Luke Song, the hatmaker who designed Aretha Franklin’s infamous Inauguration Day hat, is suing several firms he’d previously done business with who’ve copied and sold the hat without his permission. In the federal lawsuit he filed last week, Song alleged:
Moza’s hat worn by Aretha Franklin (hereinafter the “Original Inauguration Hat”) gained instantaneous fame and notoriety, attracting much more media attention than even Aretha Franklin’s performance itself. The Original Inauguration Hat has generated, and continues to generate, worldwide attention. In fact, following President Obama’s inauguration, Luke Song and Moza were featured in prominent newspapers such as The New York Times, The Wall Street Journal, and Los Angeles Times (Exh. D) The Original Inaugural Hat had immediately become such a cultural icon that it was soon parodied by entertainers such as Ellen DeGeneres because of its lavish and ornate design was so distinctive.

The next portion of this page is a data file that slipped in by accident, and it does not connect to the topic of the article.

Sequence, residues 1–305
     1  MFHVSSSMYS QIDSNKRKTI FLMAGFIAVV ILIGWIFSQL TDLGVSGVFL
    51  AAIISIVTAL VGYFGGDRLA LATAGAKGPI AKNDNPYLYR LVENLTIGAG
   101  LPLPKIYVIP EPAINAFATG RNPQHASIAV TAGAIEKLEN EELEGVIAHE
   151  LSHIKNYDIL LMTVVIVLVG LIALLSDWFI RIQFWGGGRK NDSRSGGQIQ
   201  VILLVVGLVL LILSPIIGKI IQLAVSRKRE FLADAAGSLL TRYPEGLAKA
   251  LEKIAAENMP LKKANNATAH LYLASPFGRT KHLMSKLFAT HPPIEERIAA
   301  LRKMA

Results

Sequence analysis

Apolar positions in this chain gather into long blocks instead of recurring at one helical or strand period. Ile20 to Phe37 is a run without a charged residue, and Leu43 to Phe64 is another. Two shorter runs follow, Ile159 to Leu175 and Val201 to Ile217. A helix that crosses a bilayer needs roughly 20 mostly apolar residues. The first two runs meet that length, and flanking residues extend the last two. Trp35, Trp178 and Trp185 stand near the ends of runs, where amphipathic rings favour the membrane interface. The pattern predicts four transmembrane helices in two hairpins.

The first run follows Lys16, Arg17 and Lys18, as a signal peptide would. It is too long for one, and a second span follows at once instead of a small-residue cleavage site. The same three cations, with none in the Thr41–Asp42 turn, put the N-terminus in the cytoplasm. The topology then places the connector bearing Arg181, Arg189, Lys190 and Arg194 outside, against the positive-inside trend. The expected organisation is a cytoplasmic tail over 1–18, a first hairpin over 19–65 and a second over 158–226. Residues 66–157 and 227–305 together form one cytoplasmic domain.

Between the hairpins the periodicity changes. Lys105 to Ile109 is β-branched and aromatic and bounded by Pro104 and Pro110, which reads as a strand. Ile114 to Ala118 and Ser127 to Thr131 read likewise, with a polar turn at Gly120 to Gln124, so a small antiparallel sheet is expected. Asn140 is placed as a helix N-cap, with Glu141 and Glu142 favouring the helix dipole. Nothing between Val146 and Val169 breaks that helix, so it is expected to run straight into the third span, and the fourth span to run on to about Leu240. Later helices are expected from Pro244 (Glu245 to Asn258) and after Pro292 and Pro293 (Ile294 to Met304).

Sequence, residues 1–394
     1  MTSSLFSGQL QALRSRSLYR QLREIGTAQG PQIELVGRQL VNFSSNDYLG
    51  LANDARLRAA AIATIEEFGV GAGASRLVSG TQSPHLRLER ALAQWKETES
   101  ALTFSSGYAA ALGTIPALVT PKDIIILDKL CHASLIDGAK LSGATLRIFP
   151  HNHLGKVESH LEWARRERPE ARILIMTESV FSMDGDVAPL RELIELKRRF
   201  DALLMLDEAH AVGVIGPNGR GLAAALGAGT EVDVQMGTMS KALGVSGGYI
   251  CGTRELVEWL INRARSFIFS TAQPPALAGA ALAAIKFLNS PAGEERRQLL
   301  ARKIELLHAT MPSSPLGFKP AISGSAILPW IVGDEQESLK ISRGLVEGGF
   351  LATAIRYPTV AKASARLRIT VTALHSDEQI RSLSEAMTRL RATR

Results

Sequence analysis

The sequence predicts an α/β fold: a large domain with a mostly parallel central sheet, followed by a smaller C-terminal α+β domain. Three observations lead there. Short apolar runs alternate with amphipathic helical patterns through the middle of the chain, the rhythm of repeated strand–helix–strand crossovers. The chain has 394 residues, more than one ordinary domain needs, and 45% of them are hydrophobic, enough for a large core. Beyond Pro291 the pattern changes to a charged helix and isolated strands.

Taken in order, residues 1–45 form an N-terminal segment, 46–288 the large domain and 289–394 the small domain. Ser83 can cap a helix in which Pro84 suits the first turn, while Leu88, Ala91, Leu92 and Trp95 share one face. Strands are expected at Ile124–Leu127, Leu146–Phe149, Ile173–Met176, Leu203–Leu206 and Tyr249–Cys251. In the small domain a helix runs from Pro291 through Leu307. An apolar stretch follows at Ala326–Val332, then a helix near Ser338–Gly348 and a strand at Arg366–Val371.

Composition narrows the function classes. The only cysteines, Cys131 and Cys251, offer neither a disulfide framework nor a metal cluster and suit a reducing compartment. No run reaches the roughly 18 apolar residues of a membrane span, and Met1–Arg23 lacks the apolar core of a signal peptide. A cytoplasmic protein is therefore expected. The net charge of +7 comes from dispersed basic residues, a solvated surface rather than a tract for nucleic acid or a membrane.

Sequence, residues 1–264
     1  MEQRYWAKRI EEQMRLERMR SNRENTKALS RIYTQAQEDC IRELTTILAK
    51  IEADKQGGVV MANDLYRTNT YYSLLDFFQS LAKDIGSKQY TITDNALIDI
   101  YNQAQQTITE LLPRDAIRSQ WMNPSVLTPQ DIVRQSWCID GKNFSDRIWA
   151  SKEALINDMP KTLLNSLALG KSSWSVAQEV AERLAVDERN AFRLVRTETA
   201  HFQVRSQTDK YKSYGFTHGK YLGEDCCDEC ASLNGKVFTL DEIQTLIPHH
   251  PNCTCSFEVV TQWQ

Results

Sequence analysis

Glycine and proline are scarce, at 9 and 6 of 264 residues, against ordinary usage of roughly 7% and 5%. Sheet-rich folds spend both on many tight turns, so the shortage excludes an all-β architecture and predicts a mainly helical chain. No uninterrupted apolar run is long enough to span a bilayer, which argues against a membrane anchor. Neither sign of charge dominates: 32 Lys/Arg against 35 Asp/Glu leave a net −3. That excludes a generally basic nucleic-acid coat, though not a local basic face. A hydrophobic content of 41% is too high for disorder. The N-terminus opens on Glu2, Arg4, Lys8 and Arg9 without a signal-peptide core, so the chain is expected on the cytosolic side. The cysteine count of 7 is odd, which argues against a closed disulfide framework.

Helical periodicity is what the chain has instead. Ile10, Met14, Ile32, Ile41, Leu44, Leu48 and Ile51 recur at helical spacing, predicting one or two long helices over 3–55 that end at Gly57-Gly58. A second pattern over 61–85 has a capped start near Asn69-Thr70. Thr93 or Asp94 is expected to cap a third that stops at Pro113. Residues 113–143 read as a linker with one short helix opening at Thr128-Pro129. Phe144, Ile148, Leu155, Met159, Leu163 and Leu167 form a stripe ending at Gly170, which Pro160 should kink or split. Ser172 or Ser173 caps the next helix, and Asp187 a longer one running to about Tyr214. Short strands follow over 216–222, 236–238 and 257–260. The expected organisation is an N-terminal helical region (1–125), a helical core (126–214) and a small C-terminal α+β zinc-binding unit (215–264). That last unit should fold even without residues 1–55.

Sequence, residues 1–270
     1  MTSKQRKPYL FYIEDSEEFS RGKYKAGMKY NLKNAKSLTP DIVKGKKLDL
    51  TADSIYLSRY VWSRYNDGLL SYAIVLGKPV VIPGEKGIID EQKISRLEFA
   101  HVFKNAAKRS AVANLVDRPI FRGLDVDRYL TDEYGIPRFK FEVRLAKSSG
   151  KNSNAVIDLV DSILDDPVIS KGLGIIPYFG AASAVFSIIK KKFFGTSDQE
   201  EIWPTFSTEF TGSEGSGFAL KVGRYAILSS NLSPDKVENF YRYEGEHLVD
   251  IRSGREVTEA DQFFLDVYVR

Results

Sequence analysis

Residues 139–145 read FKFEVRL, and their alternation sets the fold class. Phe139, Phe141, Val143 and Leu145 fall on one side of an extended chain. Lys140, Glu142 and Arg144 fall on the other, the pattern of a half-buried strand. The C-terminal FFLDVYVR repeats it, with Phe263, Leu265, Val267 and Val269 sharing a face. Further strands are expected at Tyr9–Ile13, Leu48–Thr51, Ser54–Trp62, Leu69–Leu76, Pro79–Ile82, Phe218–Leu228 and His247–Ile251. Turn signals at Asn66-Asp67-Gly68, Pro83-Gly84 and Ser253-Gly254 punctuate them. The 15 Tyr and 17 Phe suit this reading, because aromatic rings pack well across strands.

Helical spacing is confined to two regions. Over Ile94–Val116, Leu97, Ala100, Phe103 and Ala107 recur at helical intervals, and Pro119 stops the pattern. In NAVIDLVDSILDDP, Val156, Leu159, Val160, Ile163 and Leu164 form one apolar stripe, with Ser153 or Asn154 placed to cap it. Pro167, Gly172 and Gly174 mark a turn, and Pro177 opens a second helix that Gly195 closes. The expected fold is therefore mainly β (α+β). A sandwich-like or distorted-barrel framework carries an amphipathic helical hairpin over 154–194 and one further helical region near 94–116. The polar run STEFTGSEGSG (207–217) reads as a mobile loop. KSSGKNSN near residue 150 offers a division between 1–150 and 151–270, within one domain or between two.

Wonder what Aretha thinks about The Hat upstaging her performance. What do you think? Was The Hat a bigger diva on Inauguration Day?
For me, the performance is upstaged not only by The Hat, but by the unfortunate way Aretha separated the syllables in “country.” You know what I mean.
Filed under: Aretha Franklin, Aretha Franklin Inauguration Hat, Asian Fashion Designers, Cultural Icons, Divas, Getting Upstaged, Hats, Inauguration Day, Luke Song, Memes, Milliners, Presidential Inauguration
5 Responses to “Did Aretha’s Inauguration Hat Have More Diva Attitude Than The Queen of Soul Herself?”
Leave a Reply
You must be logged in to post a comment.